Pfizer Inc. (NYSE: PFE) announced today the completion of a double-blind, placebo-controlled, randomized clinical trial designed to assess the efficacy and safety of CHANTIX ®/CHAMPIX ® (varenicline) 1 mg BID in comparison to placebo for smoking cessation in patients with a past or present diagnosis of Major Depressive Disorder (MDD). The study met its primary and secondary efficacy endpoints. Subjects in the varenicline group had a higher likelihood of quitting at week 12 (primary endpoint) and at week 52 (key secondary endpoint). In addition, psychiatric scales included for safety assessments did not show a difference between varenicline and placebo.
“The results from this study offer important information which contributes to a further understanding of the clinical profile of CHANTIX/CHAMPIX,” said Steven J. Romano, M.D., senior vice president, head, Medicines Development Group, Global Primary Care Business Unit, Pfizer Inc.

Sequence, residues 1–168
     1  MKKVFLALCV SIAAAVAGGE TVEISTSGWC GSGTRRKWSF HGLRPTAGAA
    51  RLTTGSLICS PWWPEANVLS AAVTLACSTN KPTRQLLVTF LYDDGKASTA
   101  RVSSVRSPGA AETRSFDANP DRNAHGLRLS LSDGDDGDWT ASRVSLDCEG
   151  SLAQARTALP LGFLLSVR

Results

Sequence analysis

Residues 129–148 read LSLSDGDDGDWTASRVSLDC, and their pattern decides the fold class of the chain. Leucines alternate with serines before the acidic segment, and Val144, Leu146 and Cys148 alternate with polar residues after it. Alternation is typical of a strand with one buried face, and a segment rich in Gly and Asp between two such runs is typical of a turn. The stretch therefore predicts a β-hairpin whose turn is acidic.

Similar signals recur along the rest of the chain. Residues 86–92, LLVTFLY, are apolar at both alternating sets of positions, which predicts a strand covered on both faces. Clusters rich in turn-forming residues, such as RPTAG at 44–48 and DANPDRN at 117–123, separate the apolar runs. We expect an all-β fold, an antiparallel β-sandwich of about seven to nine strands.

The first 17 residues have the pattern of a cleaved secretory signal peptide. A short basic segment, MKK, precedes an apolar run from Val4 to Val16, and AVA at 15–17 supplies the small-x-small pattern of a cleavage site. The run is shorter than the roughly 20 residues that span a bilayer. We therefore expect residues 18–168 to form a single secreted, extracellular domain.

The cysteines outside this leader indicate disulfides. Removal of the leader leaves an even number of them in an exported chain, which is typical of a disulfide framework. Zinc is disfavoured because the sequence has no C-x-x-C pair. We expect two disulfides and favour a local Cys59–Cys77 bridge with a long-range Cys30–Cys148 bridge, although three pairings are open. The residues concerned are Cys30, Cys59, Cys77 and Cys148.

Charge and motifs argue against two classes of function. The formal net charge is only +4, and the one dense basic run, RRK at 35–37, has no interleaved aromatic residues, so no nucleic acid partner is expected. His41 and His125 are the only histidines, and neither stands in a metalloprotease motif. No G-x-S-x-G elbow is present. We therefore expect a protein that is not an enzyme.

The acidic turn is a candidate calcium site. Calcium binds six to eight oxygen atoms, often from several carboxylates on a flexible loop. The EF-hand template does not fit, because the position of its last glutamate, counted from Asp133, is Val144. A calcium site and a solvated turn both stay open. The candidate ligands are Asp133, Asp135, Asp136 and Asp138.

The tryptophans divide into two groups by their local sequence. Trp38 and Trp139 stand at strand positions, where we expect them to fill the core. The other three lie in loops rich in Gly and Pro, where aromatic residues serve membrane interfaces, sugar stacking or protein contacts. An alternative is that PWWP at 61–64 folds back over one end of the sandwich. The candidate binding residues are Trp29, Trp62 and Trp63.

The currently approved CHANTIX®/CHAMPIX® (varenicline) labeling states that the safety and efficacy of varenicline in patients with serious psychiatric illness such as schizophrenia, bipolar disorder and major depressive disorder have not been established. Pfizer developed this study protocol at the request of, and in consultation with, the European Medicines Agency (EMA) to investigate use of varenicline in patients with MDD.
Efficacy resultsThe primary endpoint was the 4-week Continuous Quit Rate (CQR) for weeks 9 through 12. Subjects were treated for 12 weeks and followed for up to 52 weeks. The key secondary endpoint was Continuous Abstinence Rate (CAR) from weeks 9 through 52. Subjects in the varenicline-treated group had a higher likelihood of quitting smoking at the end of the treatment period. The CQR between weeks 9-12 was 35.9% for varenicline vs. 15.6% for placebo and between weeks 9-52 was 20.3% vs. 10.4%, respectively. The efficacy results from this study were consistent with varenicline pivotal trials. Safety results The most commonly reported AEs in greater than or equal to 10% of subjects were: nausea, headache, abnormal dreams, irritability and insomnia.